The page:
Trey McIntyre’s passionate and tumultuous Blue Until June is not new to American stages. Initially created for The Washington Ballet (2000) and set to the crooning vocals of Etta James, McIntyre’s work has made its debut both in and out of the country, most notably touring Fidel Castro’s Cuba before landing in the San Francisco Bay Area with Smuin. Following Be Here Now, McIntyre’s recent world premiere for the Company, Blue Until June is the third work by the choreographer that Smuin has presented. “This is a particularly open and optimistic [company],” McIntyre said in an interview with Smuin. “It feels like an old Judy Garland and Mickey Rooney movie; there’s this old American pluckiness to this company that’s really lovely to work with.”
Though McIntyre’s idiosyncratic movement is ever-present in his works, each ballet showcases his style in a new light. “This piece is very much a combination of very athletic, classical technique but, breaking out of that, stretching it to its limits,” McIntyre shared. With each work he continues to “re-examine [his] own classical inheritance and how to use that language effectively.” Breaking the boundaries of classical ballet has given his work a very “human,” honest quality. There’s a myriad of emotions in Blue Until June—the audience gets the sense that the dancers have seen it all as they trudge from partner to partner, hands fisted with tension or hanging limp with implied exhaustion. McIntyre describes the ballet’s motivation as exploring “idealism and heartache,” both of which are very much embodied in the work of Etta James. “When I made the piece, I was really thinking about American ideas about romantic love and what that meant, and really how much of that is formed by music,” the choreographer explained. “There’s this really unrealistic fantasy about what love is supposed to be. I think a lot of us learn that from music.” The hyper-romanticism of James’ work is distinctly present in the symphony of songs chosen for the work. Classics songs like “I Would Rather Go Blind,” “Seven Day Fool,” and “Fool That I Am” all hint at unrestrained, self-sacrificing romantic relationships. “I really wanted to look at the piece and ask what that dynamic means to the human experience,” McIntyre said. “What does it mean to really go after the pain of love and immerse oneself in something that’s unattainable?”
Each of the nine dynamic sections comprising Blue Until June presents a distinct vignette for the dancers to tackle. The piece, like James’ vocals, is rife with intense emotion from the moment the dancers emerge from the onstage “landscape.” Each story unfolds with a different perspective—from an unyielding and heavy-hearted procession to a quiet, lovelorn duet between two men. Given the unique complexity of McIntyre’s movement, “there has to be a quiet confidence that comes from knowing what you’re doing” for dancers to execute his choreography efficiently. “It’s being methodical, it’s being meticulous, it’s decision-making that then allows them, later on, to have the freedom to dance as fully as it needs to be done,” he elaborated. “Because, with a fight, some of those duets are too hard to get into. It’s impossible.”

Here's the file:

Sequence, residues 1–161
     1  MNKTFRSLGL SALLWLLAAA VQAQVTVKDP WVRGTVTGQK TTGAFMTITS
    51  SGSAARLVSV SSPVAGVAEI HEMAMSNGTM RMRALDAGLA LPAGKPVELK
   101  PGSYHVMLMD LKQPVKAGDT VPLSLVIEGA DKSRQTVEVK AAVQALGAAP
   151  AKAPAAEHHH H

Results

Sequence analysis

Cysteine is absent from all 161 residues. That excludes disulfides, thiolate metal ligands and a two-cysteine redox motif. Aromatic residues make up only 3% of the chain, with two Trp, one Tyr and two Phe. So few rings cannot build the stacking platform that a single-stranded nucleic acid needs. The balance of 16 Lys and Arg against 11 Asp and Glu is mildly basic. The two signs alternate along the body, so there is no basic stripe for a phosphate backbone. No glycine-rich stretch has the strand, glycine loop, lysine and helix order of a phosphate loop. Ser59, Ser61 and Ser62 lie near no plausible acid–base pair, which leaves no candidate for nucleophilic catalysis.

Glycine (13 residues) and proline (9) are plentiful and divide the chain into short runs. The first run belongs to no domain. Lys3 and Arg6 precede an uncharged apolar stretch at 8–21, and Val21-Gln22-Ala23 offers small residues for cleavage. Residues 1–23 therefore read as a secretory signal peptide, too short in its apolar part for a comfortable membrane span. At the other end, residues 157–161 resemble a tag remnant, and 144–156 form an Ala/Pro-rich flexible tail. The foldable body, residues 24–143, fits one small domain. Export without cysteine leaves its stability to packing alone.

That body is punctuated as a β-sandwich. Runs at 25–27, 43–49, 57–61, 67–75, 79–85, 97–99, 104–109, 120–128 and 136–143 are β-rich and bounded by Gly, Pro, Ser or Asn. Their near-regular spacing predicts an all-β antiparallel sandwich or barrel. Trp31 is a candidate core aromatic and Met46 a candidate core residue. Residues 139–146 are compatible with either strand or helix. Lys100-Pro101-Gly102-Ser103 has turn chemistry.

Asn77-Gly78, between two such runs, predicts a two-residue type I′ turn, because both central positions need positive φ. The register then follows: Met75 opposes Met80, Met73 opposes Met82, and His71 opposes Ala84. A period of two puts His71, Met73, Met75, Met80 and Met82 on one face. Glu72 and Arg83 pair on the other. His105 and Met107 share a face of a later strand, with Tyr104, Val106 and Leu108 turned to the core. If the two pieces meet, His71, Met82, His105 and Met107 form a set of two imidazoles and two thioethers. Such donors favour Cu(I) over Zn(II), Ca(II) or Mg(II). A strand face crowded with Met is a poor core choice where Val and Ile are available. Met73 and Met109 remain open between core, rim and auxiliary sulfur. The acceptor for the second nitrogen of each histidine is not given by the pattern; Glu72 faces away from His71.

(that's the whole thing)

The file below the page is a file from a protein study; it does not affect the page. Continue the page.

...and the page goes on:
McIntyre worked with local designer Sandra Woodall on the set and costumes, and, rather than invoke James’ 1960s, they chose to emphasize modern, everyday life. “I like using the clothes that people wear in pieces because of their reference to humanity and the way that we interact day to day. Those things interest me, the normal human interactions,” he explained. There’s something different about these costumes, however. In juxtaposition to the dancers’ clean-cut clothing, perceptive audience members will quickly see that they are all caked with a layer of greying mud onstage. “I had this idea that the dancers were sort of buried in the dried earth and sort of soaking in that feeling of heartache,” McIntyre explained. In the midst of their obsession with heartache, “they kind of crawl their way out of the earth to play out their dramas in this [onstage] arena.”
Depending on how individual audience members perceive it, Blue Until June does indeed have the “happy ending” that its subjects desperately crave. Just as the audience begins to despair in what feels like an exploration of doomed romance, James’ iconic “At Last” closes the work with a ray of hope. “As these people are digging through the sludge and the mud, there’s a kind of a redemptive ending where they get to play out that fantasy,” McIntyre concluded. Two dancers, clean and wearing pristine white, meet in a moment of pure romance, finding love free from jaded experience as the memories of past indiscretions quietly fade into the background.